Tuesday, February 24, 2009

My blood runs cold

I ran across a story titled "Why Is California So Weird" that made chills run up and down my spine. It made the hair on my neck stand up.

Really, the whole essay was a pretty boring rundown of California's weirdness, and an attempt to explain it. But what made my blood run cold was this ending:

If the rest of the country thinks California weird, let them remember that she is merely their offspring. She both bears the marks of her parent and is an earnest of the nation's future. As California is, so shall all become.

Let our sister states regard this, and tremble.


This is why I'm not so keen on Californians moving to Missouri. I'm afraid it will hasten the Californication of a beautiful state.--RDH


Monday, February 23, 2009

Here's another musician from Missouri

Sheryl Crow, native of Kennett, Mo., graduate of the University of Missouri, expert on the use of toilet paper.

Saturday, February 21, 2009

Build a terrarium this winter

By David Trinklein
Associate Professor Plant Sciences

The cold days of winter force gardening enthusiasts to peruse their hobby indoors and terrariums represent an ideal way to accomplish that goal. A
terrarium is a tightly closed clear glass or plastic container filled with
small plants. It also has come to mean an open, transparent container for
growing and displaying plants. Terrariums are most useful for small plants
that do not adapt well to normal home atmospheres. When properly planted
and located, they provide a way to grow many plants with minimal care.
Transparent containers for growing plants date back 2,500 years ago to
ancient Greece. However, the terrarium as we know it is credited to Dr. N.
B. Ward of London. Dr. Ward was interested in growing many types of ferns
in his backyard but had not been successful. While studying a sphinx moth
emerging from the chrysalis he had buried in moist earth in a closed
bottle, he was amazed to see a seedling fern and some grass growing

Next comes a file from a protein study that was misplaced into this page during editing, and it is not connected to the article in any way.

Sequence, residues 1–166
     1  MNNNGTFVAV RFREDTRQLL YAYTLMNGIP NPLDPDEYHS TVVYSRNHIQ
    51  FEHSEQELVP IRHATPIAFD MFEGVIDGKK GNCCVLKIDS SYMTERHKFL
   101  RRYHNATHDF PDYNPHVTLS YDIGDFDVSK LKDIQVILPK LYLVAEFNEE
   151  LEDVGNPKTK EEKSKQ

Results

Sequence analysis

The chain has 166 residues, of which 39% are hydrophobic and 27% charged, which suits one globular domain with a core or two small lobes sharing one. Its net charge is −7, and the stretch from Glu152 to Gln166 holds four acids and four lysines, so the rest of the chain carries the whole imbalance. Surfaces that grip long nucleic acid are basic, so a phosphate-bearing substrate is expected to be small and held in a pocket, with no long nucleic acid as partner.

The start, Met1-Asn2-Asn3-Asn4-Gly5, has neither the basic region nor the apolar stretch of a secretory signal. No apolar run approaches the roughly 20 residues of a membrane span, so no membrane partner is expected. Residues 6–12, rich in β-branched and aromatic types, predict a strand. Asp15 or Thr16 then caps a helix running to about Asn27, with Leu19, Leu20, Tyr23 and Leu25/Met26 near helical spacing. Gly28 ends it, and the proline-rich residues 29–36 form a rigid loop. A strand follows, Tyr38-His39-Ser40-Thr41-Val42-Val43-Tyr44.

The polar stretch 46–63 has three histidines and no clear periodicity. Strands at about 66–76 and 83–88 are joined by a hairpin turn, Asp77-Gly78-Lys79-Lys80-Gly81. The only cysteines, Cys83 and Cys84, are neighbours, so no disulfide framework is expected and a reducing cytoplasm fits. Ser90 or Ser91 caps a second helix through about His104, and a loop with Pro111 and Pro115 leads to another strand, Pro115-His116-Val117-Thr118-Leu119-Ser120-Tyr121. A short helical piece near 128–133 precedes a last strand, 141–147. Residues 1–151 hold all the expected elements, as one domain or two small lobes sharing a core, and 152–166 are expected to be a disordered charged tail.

inside. He watched them grow for four years, during which time not one
drop of water was added, nor was the cover removed. This led to
development of "Wardian Cases," which were large, enclosed containers for growing delicate plants in the home or transporting precious plants over
long distances.
The terrarium most often used today are small ornamental versions of the
Wardian case. We recognize two different types of terrariums: closed and
open. Closed terrariums are more traditional and retain more humidity than
do open ones. The latter, however, do provide higher humidity for plants
than do dish gardens. Open terrariums and dish gardens require more
frequent watering, but danger of disease buildup is reduced.
Critical to the establishment of a successful terrarium is the selection
of an appropriate container. A terrarium container must be made from a
transparent material such clear glass or plastic. As long as it is clear,
almost any type of container may be used: empty fish bowls, fish tanks,
brandy snifters, old glass jars, jugs, bottles, etc. Additionally, there
are containers specially designed for use as terrariums. All closed
containers should have transparent covers. Containers with small openings
also are satisfactory. Containers with large openings without covers can
be used but will require more frequent watering to maintain the high
humidity needed by some plants.
The growing medium for terrariums also is important. It must be
biologically inert, well drained and high in organic matter. Prepackaged
peat-like mixes sold at garden centers and nurseries or where plant
supplies are sold are excellent choices. Adding fertilizer is not
necessary, since most packaged mixes contain a starter charge of
fertilizer; plus, plants in terrariums should not grow rapidly to keep
from "outgrowing" their container. Light fertilization with a houseplant
fertilizer may be done after plants are established.
Plants are the "jewel in the crown" of terrariums and many different
plants are suitable for use. Plants that have a low and dense growth habit
usually are best. Don’t mix plants requiring widely different conditions.
Terrarium plants differ relative to optimum light and temperature
conditions. Those plants requiring medium light should be placed in good
light near a window, or receive supplemental artificial light. Terrariums
with this type of plants should be placed within several feet of a bright
window, but not in direct sun. Few plants tolerate low light for extended
periods. Those terrarium plants that tolerate low light will tolerate a
location no more than about 10 feet from a bright window. Plants requiring
high light are not frequently used but should be placed close to a window,
often in direct sun. Cacti and succulents are examples of the latter. Do
not put closed containers in full sun.
Since most terrarium plants are tropical in nature they require warm
temperatures. A night temperature of 65 F degrees is ideal for this type
of plant; day temperatures normally should be about 10 degrees higher.
"Cool temperature" is a designation that primarily fits woodland plants in
woodland terrariums. These plants should have night temperatures about 50
to 55 F degrees. In the home these temperatures may be difficult to find,
but placed on a window close to the glass with a drape pulled behind them
at night, a pocket of cool air will develop during the winter. Day
temperatures also should be cool but are not as critical. Table 1 lists
some of the more popular terrarium plants along with their light and
temperature preferences.